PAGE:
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# OT- Math question about a ratio from an old SAT exam

#### David_M

##### Hot Rolled
Give the answer in number of turns.

#### BoxcarPete

##### Stainless
Is this some kind of trick question? If there were a "4" as a choice I'd consider it because it goes around the circle for another "turn" but it's just 3 otherwise.

#### Booze Daily

##### Titanium
Well circumference is pi x dia, so if one dia is 3x larger the circumference will be 3x larger. So 3.

#### Mark Rand

##### Diamond
NOTA. As Pete says, it'll go round four times.

This is one of the features of epicyclic gears.

I would say 3

#### Demon69

##### Titanium
Its ok Bob, your secrets safe with me

I got 3.

#### David_M

##### Hot Rolled
BoxcarPete and Mark got it!

It wasn't intended to be a trick question. They just got it wrong. It's worth watching.

#### CarlBoyd

##### Hot Rolled
Well circumference is pi x dia, so if one dia is 3x larger the circumference will be 3x larger. So 3.

Bingo, correct answer and correct logic.

CarlBoyd

#### plastikdreams

##### Diamond
It's nine...if you divide 3 by 1 you get three, then multiply 3 by the answer and you get 9...nine divided by .33 (1/3) is 27.27...the square root of 27.27 is 5.222 multiply that by pi and get 16.405...tan(16.405) is .29, round up to .3 and multiply by 30 and bam 9.

#### Demon69

##### Titanium
Thats interesting. In a sense its a matter of where circle A is viewed from. Ie looking out from the centre of circle B or directly down over circle A.
Either way I blame Boozy D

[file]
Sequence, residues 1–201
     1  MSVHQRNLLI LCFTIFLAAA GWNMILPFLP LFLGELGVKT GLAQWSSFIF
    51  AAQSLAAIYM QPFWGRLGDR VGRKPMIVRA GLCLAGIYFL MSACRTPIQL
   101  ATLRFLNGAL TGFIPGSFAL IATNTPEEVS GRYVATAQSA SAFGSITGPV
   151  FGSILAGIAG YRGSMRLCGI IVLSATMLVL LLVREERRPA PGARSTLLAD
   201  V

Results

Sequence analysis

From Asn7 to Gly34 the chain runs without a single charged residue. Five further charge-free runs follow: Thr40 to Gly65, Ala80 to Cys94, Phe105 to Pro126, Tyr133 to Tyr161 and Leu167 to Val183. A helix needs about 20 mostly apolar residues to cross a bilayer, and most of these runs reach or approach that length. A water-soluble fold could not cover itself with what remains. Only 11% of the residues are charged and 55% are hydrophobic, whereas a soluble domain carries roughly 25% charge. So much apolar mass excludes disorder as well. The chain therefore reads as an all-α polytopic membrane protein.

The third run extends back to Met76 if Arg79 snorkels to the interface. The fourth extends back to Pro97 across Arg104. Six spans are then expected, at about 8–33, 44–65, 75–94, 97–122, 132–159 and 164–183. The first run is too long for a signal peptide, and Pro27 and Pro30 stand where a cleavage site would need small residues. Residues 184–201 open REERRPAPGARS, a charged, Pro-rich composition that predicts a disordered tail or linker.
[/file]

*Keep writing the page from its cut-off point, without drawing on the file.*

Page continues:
#### plastikdreams

##### Diamond
Thats interesting. In a sense its a matter of where circle A is viewed from. Ie looking out from the centre of circle B or directly down over circle A.
Either way I blame Boozy D

You have to look at the circles not as circles but as lines bent into a circle...but not any circle, a perfect circle with no chords or defects. It's an object of such perfection that no other 2 circles are as perfect...nor will there ever be.

#### Demon69

##### Titanium
You have to look at the circles not as circles but as lines bent into a circle...but not any circle, a perfect circle with no chords or defects. It's an object of such perfection that no other 2 circles are as perfect...nor will there ever be.
And the Lord said "let there be lulz," and there was lulz.

#### beege

##### Stainless
So here's the logic I find in this If I were to roll the smaller circle on a line three times the length of the circumference of the smaller circle, the center of the circle travels the same length as the line. Three rotations. Now if I make the line into a circle, the center of the circle will travel 1 + 1/3 the circumference of the large circle, or 4/3. It's all about how far the center travels. 4 rotations.

#### EPAIII

##### Diamond
"OK, Lucy; you have some splaining to do."

This is not the first or only time the people who wrote those exams got it wrong. I can recall a number of times where I had to stop and think, now what were they thinking, in order to bet the desired answer and a better grade.

It's nine...if you divide 3 by 1 you get three, then multiply 3 by the answer and you get 9...nine divided by .33 (1/3) is 27.27...the square root of 27.27 is 5.222 multiply that by pi and get 16.405...tan(16.405) is .29, round up to .3 and multiply by 30 and bam 9.

#### metal-ica

##### Aluminum
I lurnt sumthin today

##### Titanium
Dang! That's actually quite interesting.

#### jim rozen

##### Diamond
Roll the big circle out flat, it's a rack and the small one a pinion. Length of rack is 3 times the circumference of the pinion.

##### Titanium
You didn't watch the video. No pi for you.

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